When does it make sense to enter a joint venture?


An international joint venture could make sense for your company if you: 

Making a joint venture work


In the initial phases, success in a joint venture depends to some extent on thorough research and analysis of aims and objectives. For the venture to work at all, you must effectively communicate the business plan to everyone involved.

Each of the businesses involved needs to understand what it wants from the relationship. Normally, you will be looking for a partner who is compatible with your business. This partner can be:

As well as your own needs, you should think about what your joint venture partner will be hoping to get from the arrangement. You will need to agree objectives that suit both of you, as well as things like:

When a cross-border joint venture is created, there are also a range of complex employment, tax, financial, and compliance issues to be considered – as well as preparing for possible termination or acquisition — they can be costly to set up. You should always retain experienced legal counsel to draft your joint venture agreement. It requires an investment, but can prevent a lot of headaches if things don’t go according to plan.

Once the structure is up and running, there is still a likelihood of early problems; a significant portion of cross-border alliances suffer financial and operational challenges during the first years of operation. The key to their continued survival and success after “hitting the wall” requires ownership flexibility and long-term support.

It’s important to keep in mind from the start that joint ventures are generally temporary arrangements, and that they normally end, either when the objectives of the venture are met, or things go awry. That’s why you should plan your exit strategy from the beginning, to make sure you get a return on your investment in the joint venture.

Bear in mind that when a joint venture dissolves, the technology and know-how shared with your local partner can create a strong competitor, particularly in countries with weak intellectual property protection.

International Mergers and Acquisitions

If your company already has a track record of international sales, a merger or acquisition can be a good way to expand your international footprint. For example, one of my clients – the manufacturer of an elaborate welding product – is acquiring a company in the US that produces the fluid that the machine needs to operate. This will enable my client to significantly increase its sales of consumables across North America.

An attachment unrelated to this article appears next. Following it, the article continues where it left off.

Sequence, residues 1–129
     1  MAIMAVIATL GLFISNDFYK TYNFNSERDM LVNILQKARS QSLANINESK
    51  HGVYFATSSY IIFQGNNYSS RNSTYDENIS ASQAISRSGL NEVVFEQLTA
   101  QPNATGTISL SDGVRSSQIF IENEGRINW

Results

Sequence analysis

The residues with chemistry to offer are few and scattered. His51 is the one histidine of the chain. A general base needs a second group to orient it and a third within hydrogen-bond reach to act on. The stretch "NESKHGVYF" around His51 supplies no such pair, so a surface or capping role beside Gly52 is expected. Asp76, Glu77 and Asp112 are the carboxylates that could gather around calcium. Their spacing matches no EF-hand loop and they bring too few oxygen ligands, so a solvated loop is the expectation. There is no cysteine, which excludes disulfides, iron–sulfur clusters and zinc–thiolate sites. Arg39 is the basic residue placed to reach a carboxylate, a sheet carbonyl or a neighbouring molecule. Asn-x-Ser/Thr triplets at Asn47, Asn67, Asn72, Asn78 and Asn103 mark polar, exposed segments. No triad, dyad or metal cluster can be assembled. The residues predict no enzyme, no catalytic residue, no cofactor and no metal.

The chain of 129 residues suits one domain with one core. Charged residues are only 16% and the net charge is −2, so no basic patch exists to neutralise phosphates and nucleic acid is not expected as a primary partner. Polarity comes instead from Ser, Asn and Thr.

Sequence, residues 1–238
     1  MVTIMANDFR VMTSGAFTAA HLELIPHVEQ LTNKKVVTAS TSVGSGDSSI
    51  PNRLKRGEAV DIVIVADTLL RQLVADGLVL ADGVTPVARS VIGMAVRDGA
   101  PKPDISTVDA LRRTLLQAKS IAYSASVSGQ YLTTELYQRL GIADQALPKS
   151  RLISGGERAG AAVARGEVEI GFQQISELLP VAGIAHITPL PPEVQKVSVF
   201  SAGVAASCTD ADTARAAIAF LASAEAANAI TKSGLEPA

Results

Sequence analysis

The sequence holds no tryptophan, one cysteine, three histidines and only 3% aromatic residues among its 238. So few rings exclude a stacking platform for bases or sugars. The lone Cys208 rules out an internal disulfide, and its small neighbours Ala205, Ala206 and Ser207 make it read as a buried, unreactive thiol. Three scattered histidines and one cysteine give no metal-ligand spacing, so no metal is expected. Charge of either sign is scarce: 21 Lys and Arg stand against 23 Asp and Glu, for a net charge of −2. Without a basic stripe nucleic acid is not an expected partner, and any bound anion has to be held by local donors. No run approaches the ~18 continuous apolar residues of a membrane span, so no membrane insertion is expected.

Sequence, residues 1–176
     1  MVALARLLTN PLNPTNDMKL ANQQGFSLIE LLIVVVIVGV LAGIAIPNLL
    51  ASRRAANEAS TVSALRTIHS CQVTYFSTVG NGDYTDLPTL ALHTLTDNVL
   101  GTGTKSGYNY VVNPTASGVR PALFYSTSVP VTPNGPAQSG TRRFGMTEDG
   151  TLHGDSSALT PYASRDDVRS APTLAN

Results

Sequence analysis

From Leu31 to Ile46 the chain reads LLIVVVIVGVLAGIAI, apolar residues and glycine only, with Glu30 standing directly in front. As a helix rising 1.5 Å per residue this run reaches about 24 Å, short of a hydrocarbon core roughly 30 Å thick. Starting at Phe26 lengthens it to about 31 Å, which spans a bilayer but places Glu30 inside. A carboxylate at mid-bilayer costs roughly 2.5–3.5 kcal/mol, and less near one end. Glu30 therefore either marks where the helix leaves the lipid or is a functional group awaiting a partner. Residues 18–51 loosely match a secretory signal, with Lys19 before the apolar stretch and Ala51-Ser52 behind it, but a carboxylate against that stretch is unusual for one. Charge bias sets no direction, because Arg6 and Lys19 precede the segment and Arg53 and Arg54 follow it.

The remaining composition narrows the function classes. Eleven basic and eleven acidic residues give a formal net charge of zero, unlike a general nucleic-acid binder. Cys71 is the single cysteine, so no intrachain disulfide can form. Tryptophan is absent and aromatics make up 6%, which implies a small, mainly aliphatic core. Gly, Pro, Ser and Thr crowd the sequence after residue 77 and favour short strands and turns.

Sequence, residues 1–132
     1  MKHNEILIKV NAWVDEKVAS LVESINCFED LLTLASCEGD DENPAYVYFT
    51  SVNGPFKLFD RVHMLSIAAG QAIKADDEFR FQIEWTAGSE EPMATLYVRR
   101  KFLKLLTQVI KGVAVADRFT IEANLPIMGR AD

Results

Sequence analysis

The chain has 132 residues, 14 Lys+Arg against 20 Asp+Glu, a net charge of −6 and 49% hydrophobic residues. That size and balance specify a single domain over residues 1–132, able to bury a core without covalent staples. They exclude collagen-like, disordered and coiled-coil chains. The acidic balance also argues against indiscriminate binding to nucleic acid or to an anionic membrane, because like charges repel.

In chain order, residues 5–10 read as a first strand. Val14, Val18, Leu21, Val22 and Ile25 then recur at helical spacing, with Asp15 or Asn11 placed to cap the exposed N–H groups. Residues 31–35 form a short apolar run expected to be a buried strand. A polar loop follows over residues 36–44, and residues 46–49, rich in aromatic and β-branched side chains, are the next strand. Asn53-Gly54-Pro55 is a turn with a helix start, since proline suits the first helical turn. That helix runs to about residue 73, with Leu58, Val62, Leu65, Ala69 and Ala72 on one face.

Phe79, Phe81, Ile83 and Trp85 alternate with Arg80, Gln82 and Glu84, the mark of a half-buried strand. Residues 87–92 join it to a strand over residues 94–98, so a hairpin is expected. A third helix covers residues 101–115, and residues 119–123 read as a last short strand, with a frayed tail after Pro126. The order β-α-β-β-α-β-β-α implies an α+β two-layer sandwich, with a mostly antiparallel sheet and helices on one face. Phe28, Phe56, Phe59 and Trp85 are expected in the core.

It’s worth noting that although mergers and acquisitions are usually bundled into one term, they are fundamentally very different creatures.

In a merger, one company absorbs the other and it ceases to exist. In an acquisition, one company obtains a majority stake in another company, through a cash sale, shares, or equity. However, the target business retains its name and legal structure.

Pros and cons


What are some of the reasons that you might consider an international merger or acquisition? And what are some of the drawbacks?

Economies of Scale

Underpinning all of M&A activity is the promise of economies of scale. The benefits that come from becoming bigger include:

Greater value

A merger or acquisition adds more value to the combined entity than either individual company can produce on its own. 

New markets at lower cost

A merger or acquisition provides almost instant access to a new market for the party trying to enter that country. By joining forces with another entity which knows the target market, you  save enormous amounts of time and money, which would otherwise be spent learning the market and ‘reinventing the wheel’ when it comes to doing business there.

Increased market share

One of the more common motives for undertaking M&A is increased market share. Historically, retail banks have looked at geographical footprint as being key to achieving market share and the Spanish retail bank Santander has made the acquisition of smaller banks an active policy. Consequently it has become one of the world’s largest retail banks.

Tax advantages

Some governments offer tax cuts when a merger or acquisition is completed. For example, Singapore is one jurisdiction that is extremely M&A-friendly and opening a business in Singapore by merging or acquiring a smaller existing company can attract substantial tax advantages.

Access to talent